Also offering hearty salads like the grains suggested by Rooftop1000, and cut up fruits with maybe a light dressing in individual containers would be a nice complement to the heartier pocket items. Sounds exciting.

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Doing a lot of riding myself, there are several good ideas mentioned here in this thread:

* handheld breakfast items

* pasta for dinner

* total prices equalling dollar amounts. When I am riding, I carry a $ 20 bill. I neither have any change nor do I want to receive any coin change. It does not fit well in a jersey pocket.

* Pie for dessert

Regards,

Michael Lloyd

Mill Creek, Washington USA

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on the logistics side of things...

Sounds as though you may see a shift from eat-in cafe to grab & go. If you have space, temporarily add a small, sturdy wire storage rack, close to a power source, where you can house the extra bits of "stuff"

* a table-top oven (less than $200 in my neighborhood)

* an extra microwave ($75)

* bus bins & hotel pans

* to-go boxes, wrappers, disposables

* plastic containers have a nasty way of breaking/leaking in one's pocket or camera-bag. Can you source some bags suitable for one or two containers?

Do you have space for an additional fridge of some sort? Even a mini-bar fridge can be useful for things like condiments, sauces, and the milk/cream for coffees. Is there an appliance store which will rent you a used fridge?

What are your staffing plans?

* a guide-book of your menu items, complete with photos and ingredient list would cut down on the number "what's in this again?" questions.

* label everything: storage boxes/bins, hanging racks, etc. A photo on the outside and inside of the cupboard door can do wonders for keeping your space workable.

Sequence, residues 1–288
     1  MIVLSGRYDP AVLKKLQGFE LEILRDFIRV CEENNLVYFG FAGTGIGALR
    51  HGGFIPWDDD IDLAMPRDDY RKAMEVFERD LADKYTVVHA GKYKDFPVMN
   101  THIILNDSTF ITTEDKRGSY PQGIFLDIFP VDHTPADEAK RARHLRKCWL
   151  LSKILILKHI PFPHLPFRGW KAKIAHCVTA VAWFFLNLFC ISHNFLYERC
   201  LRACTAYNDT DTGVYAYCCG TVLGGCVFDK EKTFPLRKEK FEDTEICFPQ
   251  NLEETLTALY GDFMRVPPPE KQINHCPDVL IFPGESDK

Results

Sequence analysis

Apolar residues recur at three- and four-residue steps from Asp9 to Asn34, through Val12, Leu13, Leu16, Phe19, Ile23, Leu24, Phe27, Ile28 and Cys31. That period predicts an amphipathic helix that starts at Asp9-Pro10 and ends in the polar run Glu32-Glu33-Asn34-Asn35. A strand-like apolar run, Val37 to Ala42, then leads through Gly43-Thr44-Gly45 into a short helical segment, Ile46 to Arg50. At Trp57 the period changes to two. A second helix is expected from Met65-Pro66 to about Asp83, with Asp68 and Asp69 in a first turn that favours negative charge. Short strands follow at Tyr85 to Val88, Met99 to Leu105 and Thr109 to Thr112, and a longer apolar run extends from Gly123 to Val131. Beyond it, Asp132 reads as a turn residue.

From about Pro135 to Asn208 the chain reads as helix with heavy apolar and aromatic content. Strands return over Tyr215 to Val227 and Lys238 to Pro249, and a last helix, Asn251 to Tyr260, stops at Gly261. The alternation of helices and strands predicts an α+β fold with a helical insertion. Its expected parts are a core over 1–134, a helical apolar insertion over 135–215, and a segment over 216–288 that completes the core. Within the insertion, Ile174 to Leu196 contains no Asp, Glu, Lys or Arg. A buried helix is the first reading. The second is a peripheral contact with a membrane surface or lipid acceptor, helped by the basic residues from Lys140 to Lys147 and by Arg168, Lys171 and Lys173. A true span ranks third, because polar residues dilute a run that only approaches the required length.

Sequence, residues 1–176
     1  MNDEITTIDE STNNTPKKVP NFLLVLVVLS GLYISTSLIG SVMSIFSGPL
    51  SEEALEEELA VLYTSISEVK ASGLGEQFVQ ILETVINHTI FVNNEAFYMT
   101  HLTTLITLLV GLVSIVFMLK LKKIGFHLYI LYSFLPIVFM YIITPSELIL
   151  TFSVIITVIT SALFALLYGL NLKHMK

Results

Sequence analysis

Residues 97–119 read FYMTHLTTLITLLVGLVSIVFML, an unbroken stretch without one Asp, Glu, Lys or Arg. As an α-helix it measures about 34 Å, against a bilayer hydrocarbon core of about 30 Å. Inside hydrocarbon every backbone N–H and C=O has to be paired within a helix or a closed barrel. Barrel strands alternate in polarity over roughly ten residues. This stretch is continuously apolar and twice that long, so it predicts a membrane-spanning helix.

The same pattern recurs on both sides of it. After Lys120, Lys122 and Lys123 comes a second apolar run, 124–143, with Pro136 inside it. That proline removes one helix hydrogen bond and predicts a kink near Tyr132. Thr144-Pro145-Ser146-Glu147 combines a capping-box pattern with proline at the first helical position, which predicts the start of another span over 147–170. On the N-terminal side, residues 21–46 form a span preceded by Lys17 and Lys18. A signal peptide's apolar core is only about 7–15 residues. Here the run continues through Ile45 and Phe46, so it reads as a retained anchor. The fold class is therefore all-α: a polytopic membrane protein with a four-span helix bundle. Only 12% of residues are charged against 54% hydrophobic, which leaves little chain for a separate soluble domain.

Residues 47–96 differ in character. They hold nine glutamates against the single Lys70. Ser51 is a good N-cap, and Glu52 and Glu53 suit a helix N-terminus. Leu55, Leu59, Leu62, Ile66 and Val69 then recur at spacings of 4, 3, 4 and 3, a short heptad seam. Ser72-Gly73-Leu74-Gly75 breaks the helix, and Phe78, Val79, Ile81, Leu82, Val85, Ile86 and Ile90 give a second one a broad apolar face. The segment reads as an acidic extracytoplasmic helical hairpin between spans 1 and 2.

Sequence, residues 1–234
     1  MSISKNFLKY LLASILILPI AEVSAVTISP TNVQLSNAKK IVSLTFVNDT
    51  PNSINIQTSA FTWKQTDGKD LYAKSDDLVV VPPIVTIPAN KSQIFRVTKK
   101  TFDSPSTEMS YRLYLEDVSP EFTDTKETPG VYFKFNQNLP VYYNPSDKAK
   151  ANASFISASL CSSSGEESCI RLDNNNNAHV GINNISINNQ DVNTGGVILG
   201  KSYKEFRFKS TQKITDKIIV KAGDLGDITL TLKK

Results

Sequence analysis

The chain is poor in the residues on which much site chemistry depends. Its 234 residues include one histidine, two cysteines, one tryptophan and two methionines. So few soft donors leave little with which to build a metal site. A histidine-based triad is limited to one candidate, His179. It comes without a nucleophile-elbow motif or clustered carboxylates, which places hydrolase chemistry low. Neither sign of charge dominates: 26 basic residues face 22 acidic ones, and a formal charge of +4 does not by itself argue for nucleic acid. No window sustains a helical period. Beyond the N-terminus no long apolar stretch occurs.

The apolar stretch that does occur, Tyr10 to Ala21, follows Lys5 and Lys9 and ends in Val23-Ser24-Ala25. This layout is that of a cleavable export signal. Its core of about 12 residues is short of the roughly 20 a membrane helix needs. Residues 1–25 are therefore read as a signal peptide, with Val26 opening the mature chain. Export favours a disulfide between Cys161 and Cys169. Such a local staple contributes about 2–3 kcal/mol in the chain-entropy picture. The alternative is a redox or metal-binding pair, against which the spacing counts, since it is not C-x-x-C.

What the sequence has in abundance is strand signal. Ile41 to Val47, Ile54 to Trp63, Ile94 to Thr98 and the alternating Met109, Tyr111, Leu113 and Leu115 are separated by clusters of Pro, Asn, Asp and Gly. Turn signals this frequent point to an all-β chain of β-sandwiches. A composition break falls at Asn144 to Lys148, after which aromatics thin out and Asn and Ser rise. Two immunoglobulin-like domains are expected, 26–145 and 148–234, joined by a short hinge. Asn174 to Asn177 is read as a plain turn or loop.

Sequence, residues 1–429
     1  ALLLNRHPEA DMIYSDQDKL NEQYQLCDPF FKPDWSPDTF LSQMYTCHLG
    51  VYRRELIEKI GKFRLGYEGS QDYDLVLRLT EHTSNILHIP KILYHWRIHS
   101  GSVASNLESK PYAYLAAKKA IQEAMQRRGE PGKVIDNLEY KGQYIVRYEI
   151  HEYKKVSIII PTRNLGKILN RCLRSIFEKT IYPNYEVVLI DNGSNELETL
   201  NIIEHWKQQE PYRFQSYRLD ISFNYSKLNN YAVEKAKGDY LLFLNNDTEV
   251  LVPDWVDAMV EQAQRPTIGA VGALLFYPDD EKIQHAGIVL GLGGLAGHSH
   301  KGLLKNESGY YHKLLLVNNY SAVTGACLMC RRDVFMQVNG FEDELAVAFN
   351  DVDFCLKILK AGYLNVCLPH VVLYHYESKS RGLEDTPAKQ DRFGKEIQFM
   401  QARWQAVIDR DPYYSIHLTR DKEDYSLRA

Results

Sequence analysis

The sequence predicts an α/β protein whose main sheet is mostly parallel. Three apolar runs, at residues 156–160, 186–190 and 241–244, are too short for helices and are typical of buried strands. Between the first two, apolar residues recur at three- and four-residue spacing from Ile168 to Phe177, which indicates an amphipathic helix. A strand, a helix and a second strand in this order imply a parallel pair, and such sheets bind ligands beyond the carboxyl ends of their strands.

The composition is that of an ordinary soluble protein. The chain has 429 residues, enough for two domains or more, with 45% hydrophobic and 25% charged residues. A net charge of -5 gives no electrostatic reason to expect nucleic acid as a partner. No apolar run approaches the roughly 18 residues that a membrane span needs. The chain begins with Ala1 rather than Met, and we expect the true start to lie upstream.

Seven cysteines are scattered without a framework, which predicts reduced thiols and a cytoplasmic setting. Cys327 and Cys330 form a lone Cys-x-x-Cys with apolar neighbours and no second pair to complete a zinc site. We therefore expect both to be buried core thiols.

* if you plan to store items off-site, assign a runner who understands your menu and knows where you buy supplies

foodwise...

* grains and lentils for salads/wraps can be cooked ahead and frozen in small-batch plastic bags

* resist the urge to freeze in big batches; small flat packages (i.e., will fit into small-ish hotel pans, or into the microwave) will thaw more quickly, just when you need them.

* hand-pies and wraps will store well and be easy to serve/sell

* fresh fruit

Karen Dar Woon

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Is this the first year that the Gila is in your town? If your concern is that "America's only pro cyclist*" will be showing up, then I'd bet that your increase in business would be primarily from fans/sightseers. "Yummy" will be a lot more important to them than "performance food". The TdF is a huge party. Bike riders zipping by for 15 seconds is an excuse to drink and eat in the general vicinity of the road. Here in the states, it's happening at a much smaller scale. If you are assuming that there will be a lot more attendees than usual because of Lance, then I'd guess that the vast majority of them will be "regular folks" rather than avid/pro cyclists.

Looking at the race site, it looks like several stages will start in Silver City, and several will be totally outside of town. You may get a bunch of early morning sales of breakfast items, plus spectators looking for lunch/picnic items I would be looking for coffee and a muffin for now, plus bottled drinks and sandwiches/salads packaged and ready to go in a bag to take with me to where ever it was I was going to hang out along the road to watch the stage. Take a look at the start times to get an idea of when spectators will be getting ready to head out to watch the day's stage.